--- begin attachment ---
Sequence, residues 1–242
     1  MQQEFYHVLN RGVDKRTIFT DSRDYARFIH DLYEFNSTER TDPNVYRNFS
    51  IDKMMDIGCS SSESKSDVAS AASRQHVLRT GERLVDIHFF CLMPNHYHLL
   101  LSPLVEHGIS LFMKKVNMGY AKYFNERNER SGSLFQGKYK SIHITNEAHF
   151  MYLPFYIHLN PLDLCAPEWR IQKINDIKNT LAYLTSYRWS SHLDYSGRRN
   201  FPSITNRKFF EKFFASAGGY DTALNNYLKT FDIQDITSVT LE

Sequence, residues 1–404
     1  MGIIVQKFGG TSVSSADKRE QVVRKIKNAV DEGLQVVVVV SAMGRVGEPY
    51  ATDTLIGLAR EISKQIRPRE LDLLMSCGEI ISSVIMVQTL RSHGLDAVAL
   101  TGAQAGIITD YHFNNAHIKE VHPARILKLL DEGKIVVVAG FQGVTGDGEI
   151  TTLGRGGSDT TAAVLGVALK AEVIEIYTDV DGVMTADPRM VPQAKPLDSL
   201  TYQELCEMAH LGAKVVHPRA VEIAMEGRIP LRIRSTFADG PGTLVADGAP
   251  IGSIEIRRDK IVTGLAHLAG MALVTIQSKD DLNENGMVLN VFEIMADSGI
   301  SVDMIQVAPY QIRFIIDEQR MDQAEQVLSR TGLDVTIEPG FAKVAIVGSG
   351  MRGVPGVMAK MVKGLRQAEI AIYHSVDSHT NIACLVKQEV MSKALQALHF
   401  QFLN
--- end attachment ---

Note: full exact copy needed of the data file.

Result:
Sequence, residues 1–242
     1  MQQEFYHVLN RGVDKRTIFT DSRDYARFIH DLYEFNSTER TDPNVYRNFS
    51  IDKMMDIGCS SSESKSDVAS AASRQHVLRT GERLVDIHFF CLMPNHYHLL
   101  LSPLVEHGIS LFMKKVNMGY AKYFNERNER SGSLFQGKYK SIHITNEAHF
   151  MYLPFYIHLN PLDLCAPEWR IQKINDIKNT LAYLTSYRWS SHLDYSGRRN
   201  FPSITNRKFF EKFFASAGGY DTALNNYLKT FDIQDITSVT LE

Sequence, residues 1–404
     1  MGIIVQKFGG TSVSSADKRE QVVRKIKNAV DEGLQVVVVV SAMGRVGEPY
    51  ATDTLIGLAR EISKQIRPRE LDLLMSCGEI ISSVIMVQTL RSHGLDAVAL
   101  TGAQAGIITD YHFNNAHIKE VHPARILKLL DEGKIVVVAG FQGVTGDGEI
   151  TTLGRGGSDT TAAVLGVALK AEVIEIYTDV DGVMTADPRM VPQAKPLDSL
   201  TYQELCEMAH LGAKVVHPRA VEIAMEGRIP LRIRSTFADG PGTLVADGAP
   251  IGSIEIRRDK IVTGLAHLAG MALVTIQSKD DLNENGMVLN VFEIMADSGI
   301  SVDMIQVAPY QIRFIIDEQR MDQAEQVLSR TGLDVTIEPG FAKVAIVGSG
   351  MRGVPGVMAK MVKGLRQAEI AIYHSVDSHT NIACLVKQEV MSKALQALHF
   401  QFLN